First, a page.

Complex forms such as conicity have been largely ignored in the coordinate form literature, in spite of the sufficient need to inspect them in parts such as tapered rollers in bearings. This paper attempts to develop guidelines for inspection of cones and conical frustums using probe-type coordinate measuring machines. The sampling problem, the path determination, and fitting of form zones are each addressed in detail. Moreover, an integrative approach is taken for form verification and detailed experimental analysis is conducted as a pilot study for demonstrating the need for the same. Three separate sampling methods are applied: Hammersley, Halton-Zaremba, and Aligned Systematic; at various sample sizes using sampling theory and prior work in two-dimensional sampling. Linear and nonlinear deviations are formulated using optimization and least-squared methods and solved to yield competitive solutions. Comprehensive experimental analysis investigated issues of model adequacy, nesting, interactions, and individual effects, while studying conicity as a response variable in the light of sampling strategies, sizes, cone surface areas, and fitting methods. In summary, an orderly framework for sampling and fitting cones is developed which can lead to the development of comprehensive standards and solutions for industry.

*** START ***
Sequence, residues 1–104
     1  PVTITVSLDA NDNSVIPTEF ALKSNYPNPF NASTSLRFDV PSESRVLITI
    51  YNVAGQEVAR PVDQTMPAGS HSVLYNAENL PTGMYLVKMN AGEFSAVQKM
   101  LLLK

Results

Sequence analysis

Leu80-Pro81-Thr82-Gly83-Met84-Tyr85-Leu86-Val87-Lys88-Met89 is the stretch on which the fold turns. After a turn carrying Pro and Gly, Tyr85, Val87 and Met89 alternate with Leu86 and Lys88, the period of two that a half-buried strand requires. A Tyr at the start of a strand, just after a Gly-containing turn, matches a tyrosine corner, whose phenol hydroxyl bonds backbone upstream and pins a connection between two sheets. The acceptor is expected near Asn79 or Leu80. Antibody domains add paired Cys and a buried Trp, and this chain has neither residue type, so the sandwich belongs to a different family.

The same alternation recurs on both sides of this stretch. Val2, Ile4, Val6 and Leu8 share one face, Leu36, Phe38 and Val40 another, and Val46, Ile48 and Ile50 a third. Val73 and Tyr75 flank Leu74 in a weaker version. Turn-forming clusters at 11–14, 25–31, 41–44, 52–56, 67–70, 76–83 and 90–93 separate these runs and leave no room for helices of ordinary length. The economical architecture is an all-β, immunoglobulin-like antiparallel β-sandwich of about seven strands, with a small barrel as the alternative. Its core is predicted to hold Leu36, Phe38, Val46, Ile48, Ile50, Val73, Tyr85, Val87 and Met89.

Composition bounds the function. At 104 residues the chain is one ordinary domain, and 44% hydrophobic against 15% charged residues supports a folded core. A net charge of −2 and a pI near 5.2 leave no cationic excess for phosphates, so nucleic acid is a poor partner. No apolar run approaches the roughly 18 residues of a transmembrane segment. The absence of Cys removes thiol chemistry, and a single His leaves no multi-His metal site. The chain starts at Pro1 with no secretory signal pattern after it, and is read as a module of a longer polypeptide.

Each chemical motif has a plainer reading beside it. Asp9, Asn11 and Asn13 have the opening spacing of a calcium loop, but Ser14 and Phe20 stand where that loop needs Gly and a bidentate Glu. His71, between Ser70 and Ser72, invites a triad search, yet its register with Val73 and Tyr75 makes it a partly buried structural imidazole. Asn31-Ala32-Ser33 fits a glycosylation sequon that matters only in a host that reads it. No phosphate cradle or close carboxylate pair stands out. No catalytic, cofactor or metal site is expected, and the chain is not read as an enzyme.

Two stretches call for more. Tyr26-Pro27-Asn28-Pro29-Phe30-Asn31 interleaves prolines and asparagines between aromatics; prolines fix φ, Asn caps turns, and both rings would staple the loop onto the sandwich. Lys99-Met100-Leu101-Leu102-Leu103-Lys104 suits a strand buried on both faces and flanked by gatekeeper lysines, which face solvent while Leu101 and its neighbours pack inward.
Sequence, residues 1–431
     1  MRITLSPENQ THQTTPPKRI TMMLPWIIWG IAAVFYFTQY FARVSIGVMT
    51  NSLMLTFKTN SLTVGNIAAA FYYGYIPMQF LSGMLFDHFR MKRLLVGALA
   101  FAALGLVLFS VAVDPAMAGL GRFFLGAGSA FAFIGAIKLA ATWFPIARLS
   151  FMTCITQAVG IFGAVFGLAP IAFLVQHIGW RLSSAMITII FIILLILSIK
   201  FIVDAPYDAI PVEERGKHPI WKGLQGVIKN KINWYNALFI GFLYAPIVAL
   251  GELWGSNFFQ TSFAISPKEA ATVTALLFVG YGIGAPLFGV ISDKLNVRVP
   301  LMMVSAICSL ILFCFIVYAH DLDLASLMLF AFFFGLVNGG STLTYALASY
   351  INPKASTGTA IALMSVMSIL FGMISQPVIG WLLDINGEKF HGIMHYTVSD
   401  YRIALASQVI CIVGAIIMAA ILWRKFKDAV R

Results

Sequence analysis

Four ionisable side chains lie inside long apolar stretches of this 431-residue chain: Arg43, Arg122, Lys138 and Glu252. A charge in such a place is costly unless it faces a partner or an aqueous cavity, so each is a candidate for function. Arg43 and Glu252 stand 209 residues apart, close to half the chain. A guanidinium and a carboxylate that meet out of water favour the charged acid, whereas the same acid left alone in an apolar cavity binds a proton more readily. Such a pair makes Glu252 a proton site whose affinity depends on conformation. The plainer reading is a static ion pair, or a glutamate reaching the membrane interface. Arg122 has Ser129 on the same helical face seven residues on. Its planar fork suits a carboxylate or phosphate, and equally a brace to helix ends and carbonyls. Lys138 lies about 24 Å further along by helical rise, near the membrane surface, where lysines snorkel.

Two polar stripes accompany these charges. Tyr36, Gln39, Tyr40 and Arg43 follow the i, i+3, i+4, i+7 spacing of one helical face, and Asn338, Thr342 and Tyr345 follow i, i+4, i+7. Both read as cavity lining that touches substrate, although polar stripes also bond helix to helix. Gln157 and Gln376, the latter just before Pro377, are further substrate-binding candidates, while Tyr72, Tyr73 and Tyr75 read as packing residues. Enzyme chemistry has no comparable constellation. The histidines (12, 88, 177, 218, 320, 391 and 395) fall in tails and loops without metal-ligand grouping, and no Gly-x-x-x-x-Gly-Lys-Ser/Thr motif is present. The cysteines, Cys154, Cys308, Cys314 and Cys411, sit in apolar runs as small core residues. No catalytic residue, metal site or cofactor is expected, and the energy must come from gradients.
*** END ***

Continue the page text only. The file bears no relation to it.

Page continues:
Framework for Cone Feature Measurement Using Coordinate Measuring Machines
Contributed by the Manufacturing Engineering Division for publication in the JOURNAL OF MANUFACTURING SCIENCE AND ENGINEERING. Manuscript received July 2003. Associate Editor: T. Kurfess.
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Prakasvudhisarn, C., and Raman, S. (March 18, 2004). "Framework for Cone Feature Measurement Using Coordinate Measuring Machines ." ASME. J. Manuf. Sci. Eng. February 2004; 126(1): 169–177. https://doi.org/10.1115/1.1644541
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